The Exhibit’s Representatives
The PMA openly states that all 32 included artists have connections to Maine, and that 22 of the artists live within the state. The thing is, having a connection to a place doesn’t necessarily equate to artistic and emotional understanding of that place. Many of us can say we have a connection to the ocean because we can see it from our offices, homes, or cars, but that belies the realistic, tumultuous nature of the ocean. We’re seeing it from a safe, distant vantage point, and that’s how this exhibit feels: seeing Maine through distant eyes.
Experiencing Maine is about experiencing its beauty and its complexity. It’s about appreciating the view from Munjoy Hill in Portland, while at the same time feeling uncomfortable with the homeless problem. It’s about driving far from the I-95 to see the changing leaves of autumn, but passing an economically depressed horse farm where the livestock look like skeletons. Where is the art that combines this strange nestling of beauty beside chaos? Where is the pushing of artistic boundaries to pierce through the manufactured image of perfection?
There is more to Maine than the surface sheen that so many artists want us to see. We should not turn a blind eye to the uncomfortable parts simply because it’s easier to view the state as its idyllic alias of Vacationland.
Enough is Enough
The PMA should be the bellwether behind which Maine-based artists can follow, learn from, and feel free to grow. They should encourage works of art that entice as much as disgust, because Maine can provide both of those categorical emotions. It’s not a one-or-the-other decision. People will still come for Vacationland, even if the artwork makes them uncomfortable or challenges them to search within themselves for an answer to a question they didn’t want to ask.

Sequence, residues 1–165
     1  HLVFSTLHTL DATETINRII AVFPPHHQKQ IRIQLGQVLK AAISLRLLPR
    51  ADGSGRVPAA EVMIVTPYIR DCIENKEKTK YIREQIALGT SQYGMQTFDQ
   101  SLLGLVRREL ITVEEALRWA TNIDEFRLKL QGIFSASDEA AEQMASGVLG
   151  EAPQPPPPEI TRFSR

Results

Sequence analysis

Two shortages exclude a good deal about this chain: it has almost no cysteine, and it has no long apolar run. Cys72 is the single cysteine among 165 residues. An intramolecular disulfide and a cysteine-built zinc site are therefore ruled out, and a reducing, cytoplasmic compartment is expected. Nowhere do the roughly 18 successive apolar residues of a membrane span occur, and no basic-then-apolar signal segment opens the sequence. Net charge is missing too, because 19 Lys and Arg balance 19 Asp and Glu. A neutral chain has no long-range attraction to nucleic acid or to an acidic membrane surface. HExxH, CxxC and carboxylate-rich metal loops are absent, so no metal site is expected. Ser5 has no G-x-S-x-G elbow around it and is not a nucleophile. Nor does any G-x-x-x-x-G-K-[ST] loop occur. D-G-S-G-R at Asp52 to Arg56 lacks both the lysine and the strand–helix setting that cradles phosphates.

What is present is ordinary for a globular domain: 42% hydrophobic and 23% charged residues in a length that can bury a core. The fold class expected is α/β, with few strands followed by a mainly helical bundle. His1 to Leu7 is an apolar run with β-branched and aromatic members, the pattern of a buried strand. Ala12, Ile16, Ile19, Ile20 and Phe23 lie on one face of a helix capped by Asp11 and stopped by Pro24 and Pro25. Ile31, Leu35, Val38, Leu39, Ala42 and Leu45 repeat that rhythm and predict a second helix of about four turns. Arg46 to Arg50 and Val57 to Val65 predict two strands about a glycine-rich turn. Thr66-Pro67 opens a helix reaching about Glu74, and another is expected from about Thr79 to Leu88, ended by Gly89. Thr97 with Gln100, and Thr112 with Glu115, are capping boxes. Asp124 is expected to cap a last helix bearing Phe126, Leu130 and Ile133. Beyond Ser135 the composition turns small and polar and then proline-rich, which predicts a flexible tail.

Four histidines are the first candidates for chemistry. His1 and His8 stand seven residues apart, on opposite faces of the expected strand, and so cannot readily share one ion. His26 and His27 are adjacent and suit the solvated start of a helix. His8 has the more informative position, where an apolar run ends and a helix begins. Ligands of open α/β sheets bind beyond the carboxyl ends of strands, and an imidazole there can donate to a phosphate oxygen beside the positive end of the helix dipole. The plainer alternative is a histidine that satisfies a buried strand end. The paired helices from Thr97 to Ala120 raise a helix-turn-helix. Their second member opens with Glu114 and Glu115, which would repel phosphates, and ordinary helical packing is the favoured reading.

Instead, we have an art museum hiring an out-of-state curator to produce an exhibit, the result of which feels like it was produced by a tourist too disconnected from Maine to understand a local phrase. The artwork isn’t bad, but they don’t make sense under the umbrella of the exhibit’s theme. Until people demand more from their art institutes, exhibits such as You Can’t Get There From Here will continue to use local phrases/culture/experiences as a means of perpetuating a storybook illustration of Maine.
Artists and art institutions have to push themselves past the manufactured messages of Vacationland, past the antiquated fascination with fine art, past the peaceful bliss of banal symbols. It won’t be easy, of course. It’ll take years before we see serious change, but as the saying goes, you can’t get there from here. And damn it, this journey will be worth it.
You Can’t Get There From Here: The 2015 Portland Museum of Art Biennial continues through January 3, 2016.
Portland Museum of Art
7 Congress Square, Portland, Maine | 207.775.6148
Open Tuesday, Wednesday, Saturday, and Sunday 10am–5pm, Friday 10am–9pm, Third Thursdays 10am–8pm. $12 adults, $10 seniors and students, $6 youth 13–17, $5 surcharge for special exhibitions. Free for children under 12, members, and everyone on Friday evenings 5pm–9pm.